All pages of the design doc that I personally authored are signed with my student number ‘1704020’ at the bottom left hand corner.
What I learned
This was a project where our team was hired by a prolific industry client, so the focal point of learning for this project was all about dealing with a client and their expectations. This project also was heavily affected by the COVID-19 pandemic which forced the team to quickly have to switch to online working to deliver the final project. It tested us at every mile but we made something that both us and the client was pleased with.
New ways to tell story
UX and UI
Breaking Wheel - Dev Log
Breaking Wheel began as a collaborative project between amateur mod makers. At the time I was a successful modder for Skyrim and Fallout, with over 100,000 downloads on my mods to date, and was asked to join a team of like-minded individuals who wanted to no longer make content for an existing game but rather make our own.
Being an original core member, this was my first time experiencing the full project lifecycle of a game, from first concept to final release.
What I learned
Our team was based all over the world, so the most valuable experience I could take away from this was learning how to work on a project that requires not only a large amount of self-motivation but also still being able to work coherently with others. From Steam Greenlight to IOS release, the team stuck through it all and created a solid game we can all be proud of.
Full project lifecycle
Adapting to unforeseen
This game does not currently support mobile play.
Please use a Desktop.
Summer Fruits is a WebGL game that pays homage to some early flash drink mixing games. The goal of this project was all about making a visually appealing and responsive UI.
Feel free to play this game here on my website or at one of the links below.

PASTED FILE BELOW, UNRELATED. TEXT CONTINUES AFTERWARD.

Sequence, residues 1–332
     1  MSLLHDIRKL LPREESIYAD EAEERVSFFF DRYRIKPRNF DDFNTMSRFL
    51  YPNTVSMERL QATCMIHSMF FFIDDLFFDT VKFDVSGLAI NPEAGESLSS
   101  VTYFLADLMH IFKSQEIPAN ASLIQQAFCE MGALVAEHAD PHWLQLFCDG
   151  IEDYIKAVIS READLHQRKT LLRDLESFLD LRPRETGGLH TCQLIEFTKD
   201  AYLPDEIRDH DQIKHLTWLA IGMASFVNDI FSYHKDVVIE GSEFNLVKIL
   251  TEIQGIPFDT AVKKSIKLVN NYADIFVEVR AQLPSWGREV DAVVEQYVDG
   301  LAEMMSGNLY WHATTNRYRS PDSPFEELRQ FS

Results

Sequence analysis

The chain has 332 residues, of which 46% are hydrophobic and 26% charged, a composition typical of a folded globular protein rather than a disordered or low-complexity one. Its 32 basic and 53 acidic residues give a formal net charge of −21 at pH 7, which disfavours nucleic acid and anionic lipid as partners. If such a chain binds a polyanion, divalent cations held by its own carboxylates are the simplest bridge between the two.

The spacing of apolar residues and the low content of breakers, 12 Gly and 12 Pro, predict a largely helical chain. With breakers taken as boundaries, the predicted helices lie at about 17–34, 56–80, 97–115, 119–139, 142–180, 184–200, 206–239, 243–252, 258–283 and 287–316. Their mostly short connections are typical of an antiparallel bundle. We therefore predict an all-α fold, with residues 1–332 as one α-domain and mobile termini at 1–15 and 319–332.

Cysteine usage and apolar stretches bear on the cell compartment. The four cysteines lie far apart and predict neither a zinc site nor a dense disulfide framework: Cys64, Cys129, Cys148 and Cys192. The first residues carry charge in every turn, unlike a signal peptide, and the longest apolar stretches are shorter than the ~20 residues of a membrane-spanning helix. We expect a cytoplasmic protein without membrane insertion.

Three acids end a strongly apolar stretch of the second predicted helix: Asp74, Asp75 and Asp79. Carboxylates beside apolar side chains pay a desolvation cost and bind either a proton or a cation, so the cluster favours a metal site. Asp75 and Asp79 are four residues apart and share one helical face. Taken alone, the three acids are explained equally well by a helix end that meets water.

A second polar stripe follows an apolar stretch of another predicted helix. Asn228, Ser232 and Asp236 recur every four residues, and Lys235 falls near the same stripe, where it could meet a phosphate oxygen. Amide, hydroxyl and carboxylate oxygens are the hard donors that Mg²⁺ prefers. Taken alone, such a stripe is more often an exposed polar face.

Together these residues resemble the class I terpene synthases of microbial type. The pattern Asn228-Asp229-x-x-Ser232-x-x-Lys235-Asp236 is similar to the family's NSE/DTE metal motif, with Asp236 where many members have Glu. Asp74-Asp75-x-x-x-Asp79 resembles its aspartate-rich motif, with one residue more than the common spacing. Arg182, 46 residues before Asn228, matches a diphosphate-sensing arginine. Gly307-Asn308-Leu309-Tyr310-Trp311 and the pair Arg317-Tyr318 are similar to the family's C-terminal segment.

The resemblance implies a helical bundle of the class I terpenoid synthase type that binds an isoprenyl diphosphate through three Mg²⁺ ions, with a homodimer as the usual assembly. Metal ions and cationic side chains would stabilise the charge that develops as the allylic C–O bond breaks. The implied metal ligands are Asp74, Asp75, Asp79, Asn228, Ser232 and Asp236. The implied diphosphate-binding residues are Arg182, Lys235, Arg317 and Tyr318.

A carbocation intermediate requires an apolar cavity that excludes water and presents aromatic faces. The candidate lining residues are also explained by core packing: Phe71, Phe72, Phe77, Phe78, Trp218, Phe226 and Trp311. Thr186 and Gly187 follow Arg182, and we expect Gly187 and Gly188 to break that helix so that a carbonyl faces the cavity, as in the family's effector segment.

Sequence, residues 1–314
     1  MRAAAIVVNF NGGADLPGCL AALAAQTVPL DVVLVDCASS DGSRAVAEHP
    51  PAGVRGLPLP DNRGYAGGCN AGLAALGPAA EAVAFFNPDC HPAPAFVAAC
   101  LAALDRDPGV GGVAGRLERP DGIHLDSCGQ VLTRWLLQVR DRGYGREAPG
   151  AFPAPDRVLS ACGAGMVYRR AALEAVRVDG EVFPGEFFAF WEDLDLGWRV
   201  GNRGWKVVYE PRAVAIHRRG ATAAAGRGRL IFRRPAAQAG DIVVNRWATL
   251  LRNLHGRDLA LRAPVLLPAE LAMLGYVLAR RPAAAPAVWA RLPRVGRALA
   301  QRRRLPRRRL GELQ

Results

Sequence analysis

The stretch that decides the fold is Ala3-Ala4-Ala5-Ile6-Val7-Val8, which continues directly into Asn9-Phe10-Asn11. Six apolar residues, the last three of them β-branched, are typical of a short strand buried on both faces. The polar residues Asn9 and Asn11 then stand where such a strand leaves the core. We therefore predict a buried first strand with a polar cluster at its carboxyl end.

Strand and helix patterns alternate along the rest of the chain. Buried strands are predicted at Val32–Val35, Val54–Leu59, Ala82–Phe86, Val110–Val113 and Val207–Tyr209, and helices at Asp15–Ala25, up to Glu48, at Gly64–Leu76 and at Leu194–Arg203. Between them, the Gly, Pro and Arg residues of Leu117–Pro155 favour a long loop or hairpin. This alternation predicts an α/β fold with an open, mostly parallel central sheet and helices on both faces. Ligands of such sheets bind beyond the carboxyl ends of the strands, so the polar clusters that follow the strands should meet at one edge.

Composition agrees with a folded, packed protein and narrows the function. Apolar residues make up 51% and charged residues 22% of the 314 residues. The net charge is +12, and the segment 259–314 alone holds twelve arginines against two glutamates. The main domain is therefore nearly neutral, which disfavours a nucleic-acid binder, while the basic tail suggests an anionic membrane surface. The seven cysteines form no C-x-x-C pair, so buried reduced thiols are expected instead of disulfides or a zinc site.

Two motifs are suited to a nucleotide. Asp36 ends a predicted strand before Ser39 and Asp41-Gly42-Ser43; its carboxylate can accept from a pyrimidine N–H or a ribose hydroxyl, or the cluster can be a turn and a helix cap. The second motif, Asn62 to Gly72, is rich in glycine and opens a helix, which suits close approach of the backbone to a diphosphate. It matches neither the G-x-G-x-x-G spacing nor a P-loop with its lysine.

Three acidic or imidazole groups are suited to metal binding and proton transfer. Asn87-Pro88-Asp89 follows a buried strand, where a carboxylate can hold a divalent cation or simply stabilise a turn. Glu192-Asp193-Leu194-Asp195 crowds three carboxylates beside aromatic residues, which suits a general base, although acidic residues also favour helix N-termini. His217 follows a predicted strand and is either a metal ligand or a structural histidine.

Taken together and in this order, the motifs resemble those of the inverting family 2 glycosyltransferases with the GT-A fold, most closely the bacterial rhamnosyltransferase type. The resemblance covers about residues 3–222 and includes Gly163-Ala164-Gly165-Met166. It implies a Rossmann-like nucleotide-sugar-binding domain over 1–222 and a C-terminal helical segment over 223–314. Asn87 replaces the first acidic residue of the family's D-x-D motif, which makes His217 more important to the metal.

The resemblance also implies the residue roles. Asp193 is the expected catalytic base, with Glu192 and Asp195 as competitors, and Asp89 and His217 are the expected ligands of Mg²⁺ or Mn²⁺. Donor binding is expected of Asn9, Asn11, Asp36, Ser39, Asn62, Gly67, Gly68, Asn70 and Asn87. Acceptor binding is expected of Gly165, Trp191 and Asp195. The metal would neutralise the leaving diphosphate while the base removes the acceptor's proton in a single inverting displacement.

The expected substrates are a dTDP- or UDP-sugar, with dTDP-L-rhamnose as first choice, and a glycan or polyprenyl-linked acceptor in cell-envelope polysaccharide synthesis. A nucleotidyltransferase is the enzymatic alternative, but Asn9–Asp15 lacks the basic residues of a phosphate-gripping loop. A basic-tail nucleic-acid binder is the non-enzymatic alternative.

~ Developed in five days
~ Solo project
~ Using Unity
Summer Fruits - Dev Log
Paying tribute to some of my favourite flash games that I played growing up, Summer Fruits is a small and charming browser game that lets you mix yourself a delightful fruit juice made with fresh summer fruits.
This was a project that I set out for myself, I wanted to try learning something new within the limits of a five day period.
What I learned
Summer Fruits had a simple core value, create a UI that was fun to use as well as being visually pleasing. I had heard of using Tweening to create animations in Unity before but had not had a chance to try this on a project.
I also wanted to try and enhance my skills with Adobe Illustraitor as well as try my hand at developing for WebGL. All these goals were able to be realised in a small game I am quite proud of.
The best way to describe myself would be as a diverse individual. Coming from a multicultural background and having lived all over the world, I have been able to gain the most important quality for any designer – life experience.
My skillset is equally varied, having fulfilled many roles through the range of projects I have contributed to. My personal area of expertise however is creating engaging and accessible experiences. Heavily inspired by Nintendo’s design philosophy, I strive to create simple yet fun games that have a deep sense of style, aesthetics and polish.
I believe games are a powerful contemporary tool for education and cross-cultural communication. During my final year of University I wrote my Dissertation on the ability games and other creative media have when it comes to sharing Japanese culture. I am working on gaining my N2 language proficiency in Japanese so I can one-day transition to working at a Japanese studio.